Friends and family of one of Brighton & Hove Albion's most dedicated fans, Mary Emery, gathered at the Amex Stadium on Wednesday (August 1) to share their memories and to ride the Brighton & Hove bus named in her honour.
Hove resident Mary, followed the club through thick and thin for 89 years and helped lead the charge for a new stadium at Falmer. Sadly, she passed away, aged 93, in February this year.
Club historian Tim Carder said the word 'feisty' instantly came to mind in connection with his friend. One of his fondest memories is of Mary, then 75, dancing jubilantly in the street after Brighton & Hove Albion beat Aldershot 6-2 in a FA Cup game.
"Mary was so pleased, she was dancing around in the streets of Aldershot, which was not the thing to be doing, to be honest. Liz (from the supporters' club) told a policeman to go and arrest her in order to get her back on the coach and leave! The policeman arrested her in a friendly sort of way."
Albion diehard fan, Chris Fossey said Mary was 'a great character' who wasn't afraid to take on powerful people.
"Back in the dark days of the club, we used to sit on one side of the gangway with Liz and my dad and Mary would sit on the other side (at Goldstone Ground). When the directors came into the box she would get up on her feet and shake her fist at them.
"That sums up the passion that she had for the club. She hated those people in the directors' box for what they were doing to the club."
Mary was there too, in 2011, when Albion finally got their own home ground after 14 years at Gillingham and Withdean.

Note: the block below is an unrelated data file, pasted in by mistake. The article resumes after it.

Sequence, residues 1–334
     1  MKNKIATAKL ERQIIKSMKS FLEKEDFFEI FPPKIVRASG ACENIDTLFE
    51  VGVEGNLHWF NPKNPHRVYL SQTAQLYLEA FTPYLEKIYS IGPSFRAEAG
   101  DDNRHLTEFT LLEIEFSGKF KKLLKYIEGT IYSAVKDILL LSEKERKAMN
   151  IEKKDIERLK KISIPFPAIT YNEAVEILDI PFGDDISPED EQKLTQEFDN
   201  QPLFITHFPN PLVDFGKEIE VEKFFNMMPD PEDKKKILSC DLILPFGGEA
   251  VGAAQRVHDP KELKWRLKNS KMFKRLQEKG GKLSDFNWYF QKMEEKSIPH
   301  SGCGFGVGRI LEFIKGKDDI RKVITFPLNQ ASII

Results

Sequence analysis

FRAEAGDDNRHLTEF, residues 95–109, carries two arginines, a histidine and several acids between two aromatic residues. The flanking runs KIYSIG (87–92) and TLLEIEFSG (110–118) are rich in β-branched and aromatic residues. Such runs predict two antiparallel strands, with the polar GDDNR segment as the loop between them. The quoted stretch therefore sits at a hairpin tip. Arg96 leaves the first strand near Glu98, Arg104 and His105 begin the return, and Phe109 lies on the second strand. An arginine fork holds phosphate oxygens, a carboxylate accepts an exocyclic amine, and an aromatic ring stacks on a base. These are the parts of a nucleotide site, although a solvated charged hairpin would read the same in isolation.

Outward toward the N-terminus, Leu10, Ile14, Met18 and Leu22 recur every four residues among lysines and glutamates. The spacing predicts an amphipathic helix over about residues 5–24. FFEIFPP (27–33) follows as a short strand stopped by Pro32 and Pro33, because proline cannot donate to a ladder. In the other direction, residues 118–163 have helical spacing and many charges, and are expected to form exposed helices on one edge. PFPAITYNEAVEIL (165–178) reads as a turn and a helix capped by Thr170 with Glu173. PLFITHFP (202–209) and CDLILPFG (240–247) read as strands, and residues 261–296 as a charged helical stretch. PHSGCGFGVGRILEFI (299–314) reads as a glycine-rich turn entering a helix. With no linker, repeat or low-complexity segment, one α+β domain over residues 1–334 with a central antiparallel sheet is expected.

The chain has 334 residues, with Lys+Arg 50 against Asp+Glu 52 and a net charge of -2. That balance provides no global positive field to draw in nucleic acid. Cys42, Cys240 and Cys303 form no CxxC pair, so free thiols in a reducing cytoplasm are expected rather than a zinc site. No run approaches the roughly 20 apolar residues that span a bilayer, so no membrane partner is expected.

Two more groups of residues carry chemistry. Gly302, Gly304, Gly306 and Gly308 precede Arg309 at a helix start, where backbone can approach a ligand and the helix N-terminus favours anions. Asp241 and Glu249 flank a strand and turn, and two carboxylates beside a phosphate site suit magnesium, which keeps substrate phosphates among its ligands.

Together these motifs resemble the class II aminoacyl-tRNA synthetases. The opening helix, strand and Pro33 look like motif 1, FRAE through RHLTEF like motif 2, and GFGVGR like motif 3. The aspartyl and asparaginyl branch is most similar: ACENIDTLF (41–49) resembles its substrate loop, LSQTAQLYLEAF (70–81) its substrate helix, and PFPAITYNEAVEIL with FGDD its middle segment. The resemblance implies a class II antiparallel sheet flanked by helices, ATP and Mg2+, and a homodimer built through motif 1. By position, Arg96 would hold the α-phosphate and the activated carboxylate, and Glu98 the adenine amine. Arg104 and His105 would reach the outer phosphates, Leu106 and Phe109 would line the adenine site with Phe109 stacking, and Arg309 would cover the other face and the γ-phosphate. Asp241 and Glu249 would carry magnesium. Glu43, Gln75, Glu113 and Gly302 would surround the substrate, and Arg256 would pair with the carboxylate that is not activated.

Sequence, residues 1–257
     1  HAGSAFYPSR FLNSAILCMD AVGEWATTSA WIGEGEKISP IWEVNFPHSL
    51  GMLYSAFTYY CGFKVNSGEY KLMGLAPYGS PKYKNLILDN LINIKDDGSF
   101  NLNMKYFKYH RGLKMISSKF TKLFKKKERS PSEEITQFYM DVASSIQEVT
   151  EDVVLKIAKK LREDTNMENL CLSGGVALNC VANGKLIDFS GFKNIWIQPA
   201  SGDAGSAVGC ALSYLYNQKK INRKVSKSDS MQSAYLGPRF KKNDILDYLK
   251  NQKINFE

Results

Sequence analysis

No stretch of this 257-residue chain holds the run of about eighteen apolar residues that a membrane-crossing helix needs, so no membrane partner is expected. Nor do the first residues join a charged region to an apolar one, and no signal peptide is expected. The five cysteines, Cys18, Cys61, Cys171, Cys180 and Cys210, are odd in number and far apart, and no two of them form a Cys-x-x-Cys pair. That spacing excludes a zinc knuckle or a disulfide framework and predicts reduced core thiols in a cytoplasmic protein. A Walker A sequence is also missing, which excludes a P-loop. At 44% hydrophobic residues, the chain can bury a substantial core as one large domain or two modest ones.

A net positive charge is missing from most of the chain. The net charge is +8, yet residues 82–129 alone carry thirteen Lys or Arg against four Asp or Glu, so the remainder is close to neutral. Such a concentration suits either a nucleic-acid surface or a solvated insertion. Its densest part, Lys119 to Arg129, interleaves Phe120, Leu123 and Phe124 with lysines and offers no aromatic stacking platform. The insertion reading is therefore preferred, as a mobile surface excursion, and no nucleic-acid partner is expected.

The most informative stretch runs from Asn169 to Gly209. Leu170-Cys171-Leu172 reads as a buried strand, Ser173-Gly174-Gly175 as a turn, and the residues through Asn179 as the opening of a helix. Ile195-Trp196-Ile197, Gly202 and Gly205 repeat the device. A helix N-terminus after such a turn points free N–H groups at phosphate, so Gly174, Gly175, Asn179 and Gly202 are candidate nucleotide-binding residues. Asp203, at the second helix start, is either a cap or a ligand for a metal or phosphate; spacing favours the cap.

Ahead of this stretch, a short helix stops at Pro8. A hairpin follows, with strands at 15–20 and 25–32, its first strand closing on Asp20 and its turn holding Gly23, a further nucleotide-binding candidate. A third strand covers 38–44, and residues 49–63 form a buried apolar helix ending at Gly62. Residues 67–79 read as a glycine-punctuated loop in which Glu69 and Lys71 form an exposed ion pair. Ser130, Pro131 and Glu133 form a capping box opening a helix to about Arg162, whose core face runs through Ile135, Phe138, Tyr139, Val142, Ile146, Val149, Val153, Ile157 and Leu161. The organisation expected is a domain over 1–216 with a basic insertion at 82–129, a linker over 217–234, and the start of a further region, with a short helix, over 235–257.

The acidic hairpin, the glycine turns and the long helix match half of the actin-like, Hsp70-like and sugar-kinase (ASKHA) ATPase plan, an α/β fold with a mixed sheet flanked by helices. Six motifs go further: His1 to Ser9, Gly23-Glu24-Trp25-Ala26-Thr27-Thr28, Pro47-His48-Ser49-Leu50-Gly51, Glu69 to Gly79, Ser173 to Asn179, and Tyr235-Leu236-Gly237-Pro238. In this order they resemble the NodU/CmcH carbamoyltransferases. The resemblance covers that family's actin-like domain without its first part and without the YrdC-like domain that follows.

Brighton and Hove Albion won their first game 2-1 against Doncaster at the new Amex stadium and Mary was in her element.
"We won in the eighth minute of injury time. It was almost like a miracle," Chris said. "She loved it here and she thoroughly enjoyed it. It was great that she was able to see that. She had campaigned so much to achieve it."
Interestingly, Brighton's last game at the Goldstone Ground on April 26, 1997, was also against Doncaster. Albion won 1-0, drawing 1-1 the next weekend at Hereford to rescue them from relegation.
Brighton and Hove Buses' Managing Director Martin Harris paid tribute to Mary.
"Her commitment was never in doubt. She really shone through when the club was going through its dark days."
The interior of the Mary Emery bus will later be decorated to tell Mary's story as a football fan and community campaigner.
"We are not in Mary's story. All we can do is to keep her story going and to share it with more people," Martin said.
Mary's son, Robert Emery said: "Buses were part of her life. (Naming the bus after her) is a really nice gesture."
The club's Executive Director, Martin Perry, said Mary and her husband Ted were two of the first Albion supporters he ever really got to know.
"I have such wonderful memories of them. They used to sit at the top of a rickety staircase in Gillingham, near the directors' lounge. The first two to come up were always Mary and Ted. They always had a friendly word for me and a smile.
"It's going to be brilliant seeing this bus going around the city."